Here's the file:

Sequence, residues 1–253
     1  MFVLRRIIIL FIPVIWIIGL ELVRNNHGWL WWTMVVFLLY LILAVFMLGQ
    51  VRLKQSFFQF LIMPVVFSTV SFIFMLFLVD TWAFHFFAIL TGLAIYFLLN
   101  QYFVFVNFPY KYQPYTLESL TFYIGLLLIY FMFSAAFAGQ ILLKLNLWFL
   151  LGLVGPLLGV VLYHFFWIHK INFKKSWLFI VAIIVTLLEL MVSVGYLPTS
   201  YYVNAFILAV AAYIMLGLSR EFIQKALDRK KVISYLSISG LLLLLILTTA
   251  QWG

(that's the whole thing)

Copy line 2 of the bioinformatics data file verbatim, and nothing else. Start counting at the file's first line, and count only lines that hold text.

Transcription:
     1  MFVLRRIIIL FIPVIWIIGL ELVRNNHGWL WWTMVVFLLY LILAVFMLGQ